The actual message of Brexit is somewhat damaging to that, in that many people say, “Why should I come to the UK if I’m not going to be made welcome or feel unwanted.” I have lived as part of the global expat community for 30 years. My kids grew up in that sort of environment, and I must say it is very difficult for me. I did not vote for Brexit and regret this vote. The European Union was politically doing some things that I think the British government, and many other governments, and their populaces struggled to understand and support. But economically, we have to be there. And it will damage the UK economy. UK businesses and business leaders, have always looked at overseas and will continue to do so. But there will be an impact on the domestic economy without a doubt.
We should go to Japan to look for university funding for sciences and other things. The Japanese are one of the largest sources of FDI in the UK. It’s mainly through the automotive industry. But if Nissan can’t get access to the European market tariff-free…
How can Switzerland act a model to the post-Brexit UK?
The question is indeed what can Britain learn from Switzerland, in the sense of building the post-Brexit UK? Having lived in Switzerland for nine years, observing the Swiss – certainly their political groups and their parliament – I have noticed that they have a very interesting relationship with the EU. My own personal view is that Switzerland will never be in the EU. They will never give up the Swiss Franc and I would argue that they shouldn’t.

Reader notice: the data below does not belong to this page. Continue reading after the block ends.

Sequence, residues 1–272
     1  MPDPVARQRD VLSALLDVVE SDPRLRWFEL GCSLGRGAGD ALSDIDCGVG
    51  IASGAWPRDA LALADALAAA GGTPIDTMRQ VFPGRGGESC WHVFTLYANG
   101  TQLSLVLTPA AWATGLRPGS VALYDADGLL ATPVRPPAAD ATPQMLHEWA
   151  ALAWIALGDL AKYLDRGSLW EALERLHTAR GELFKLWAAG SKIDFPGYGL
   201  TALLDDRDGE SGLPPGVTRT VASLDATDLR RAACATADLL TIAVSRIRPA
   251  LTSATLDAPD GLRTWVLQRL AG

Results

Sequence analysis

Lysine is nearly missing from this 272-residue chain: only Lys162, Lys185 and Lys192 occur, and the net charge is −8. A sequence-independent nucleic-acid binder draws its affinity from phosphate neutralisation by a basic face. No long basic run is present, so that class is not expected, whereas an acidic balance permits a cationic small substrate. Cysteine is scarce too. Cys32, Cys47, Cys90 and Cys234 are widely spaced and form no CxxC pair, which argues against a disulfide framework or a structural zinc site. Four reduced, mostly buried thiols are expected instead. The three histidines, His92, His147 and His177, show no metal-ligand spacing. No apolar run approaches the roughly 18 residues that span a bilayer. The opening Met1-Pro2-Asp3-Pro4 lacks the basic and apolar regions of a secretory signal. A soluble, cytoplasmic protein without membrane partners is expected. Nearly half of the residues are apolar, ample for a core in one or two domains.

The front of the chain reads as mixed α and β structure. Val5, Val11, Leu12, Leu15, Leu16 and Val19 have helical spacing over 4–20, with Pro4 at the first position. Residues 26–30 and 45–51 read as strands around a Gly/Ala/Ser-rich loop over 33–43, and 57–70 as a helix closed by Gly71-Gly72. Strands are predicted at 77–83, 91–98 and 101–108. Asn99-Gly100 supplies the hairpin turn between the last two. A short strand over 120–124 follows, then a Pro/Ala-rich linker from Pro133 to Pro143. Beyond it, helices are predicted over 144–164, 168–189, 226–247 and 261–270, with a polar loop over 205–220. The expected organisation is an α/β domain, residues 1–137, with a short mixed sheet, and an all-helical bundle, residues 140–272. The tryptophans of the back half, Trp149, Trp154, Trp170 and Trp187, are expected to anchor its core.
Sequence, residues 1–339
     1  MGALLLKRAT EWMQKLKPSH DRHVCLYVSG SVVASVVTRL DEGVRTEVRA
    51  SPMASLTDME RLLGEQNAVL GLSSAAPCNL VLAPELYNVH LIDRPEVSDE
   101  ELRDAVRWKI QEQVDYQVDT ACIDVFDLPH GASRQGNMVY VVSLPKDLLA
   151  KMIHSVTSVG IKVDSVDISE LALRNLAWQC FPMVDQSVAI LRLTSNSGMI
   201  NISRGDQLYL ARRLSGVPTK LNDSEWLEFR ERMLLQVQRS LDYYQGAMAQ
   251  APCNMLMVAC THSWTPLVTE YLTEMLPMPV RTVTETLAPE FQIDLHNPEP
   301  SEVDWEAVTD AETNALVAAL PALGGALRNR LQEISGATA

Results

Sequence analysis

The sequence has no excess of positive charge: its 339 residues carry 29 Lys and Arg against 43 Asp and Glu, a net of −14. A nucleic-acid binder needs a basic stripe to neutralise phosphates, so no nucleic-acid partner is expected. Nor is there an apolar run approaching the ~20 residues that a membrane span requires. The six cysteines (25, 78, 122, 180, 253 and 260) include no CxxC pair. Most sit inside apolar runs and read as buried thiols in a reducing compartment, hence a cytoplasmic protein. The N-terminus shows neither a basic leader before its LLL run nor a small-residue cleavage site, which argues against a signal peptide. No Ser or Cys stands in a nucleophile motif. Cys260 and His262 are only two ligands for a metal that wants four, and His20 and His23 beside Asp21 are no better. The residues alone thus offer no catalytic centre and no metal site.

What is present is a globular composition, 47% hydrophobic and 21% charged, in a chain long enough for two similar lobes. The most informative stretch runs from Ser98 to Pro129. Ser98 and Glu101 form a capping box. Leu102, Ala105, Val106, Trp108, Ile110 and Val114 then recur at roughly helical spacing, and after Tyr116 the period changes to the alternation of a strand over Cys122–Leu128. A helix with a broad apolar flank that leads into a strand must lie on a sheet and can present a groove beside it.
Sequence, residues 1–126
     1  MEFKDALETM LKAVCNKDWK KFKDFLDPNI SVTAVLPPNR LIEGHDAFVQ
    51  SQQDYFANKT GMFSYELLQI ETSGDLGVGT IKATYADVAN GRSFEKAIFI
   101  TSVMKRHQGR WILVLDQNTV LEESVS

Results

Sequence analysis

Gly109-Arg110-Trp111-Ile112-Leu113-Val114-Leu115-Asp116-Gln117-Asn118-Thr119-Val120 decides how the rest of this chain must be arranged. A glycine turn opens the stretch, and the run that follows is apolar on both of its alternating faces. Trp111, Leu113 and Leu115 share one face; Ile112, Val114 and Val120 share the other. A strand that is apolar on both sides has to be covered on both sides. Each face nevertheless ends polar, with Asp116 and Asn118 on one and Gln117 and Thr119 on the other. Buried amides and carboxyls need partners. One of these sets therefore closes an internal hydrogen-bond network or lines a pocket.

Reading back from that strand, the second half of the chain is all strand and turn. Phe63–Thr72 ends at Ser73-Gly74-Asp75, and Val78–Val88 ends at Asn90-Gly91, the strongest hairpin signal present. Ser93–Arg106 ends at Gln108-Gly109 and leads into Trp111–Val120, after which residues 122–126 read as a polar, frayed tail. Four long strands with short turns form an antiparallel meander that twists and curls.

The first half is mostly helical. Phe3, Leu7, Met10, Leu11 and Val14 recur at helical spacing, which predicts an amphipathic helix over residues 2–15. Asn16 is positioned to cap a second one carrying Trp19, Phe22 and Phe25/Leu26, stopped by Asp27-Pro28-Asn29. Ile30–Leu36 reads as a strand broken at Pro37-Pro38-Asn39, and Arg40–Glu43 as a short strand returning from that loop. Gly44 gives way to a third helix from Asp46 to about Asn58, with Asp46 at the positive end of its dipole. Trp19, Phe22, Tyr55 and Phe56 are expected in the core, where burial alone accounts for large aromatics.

But there is a cost to being outside of the EU and being surrounded by the EU. And that is, the Swiss, whether they like it or not – and quite often they don’t like it – have to follow European legislation and rules. There was a few months ago the vote on immigration in Switzerland – which has now been resolved in a sort of compromise that did not reach the wishes of the Swiss public in their referendum. But the matter has gone away because unemployment is not a pressing problem in Switzerland.
But the Swiss have learned to live with the EU. They contribute financially to it and have to take the rules and regulations. Everyone has said that it is a model Britain can look at, many politicians but also many business groups. The Swiss themselves say “Look it’s not the best relationship but we did not want membership, therefore this is what we ended up with.” And they have made it work. The borders are fairly seamless. There are no barriers to trade and services. Banking regulations and banking issues are a slightly different matter though.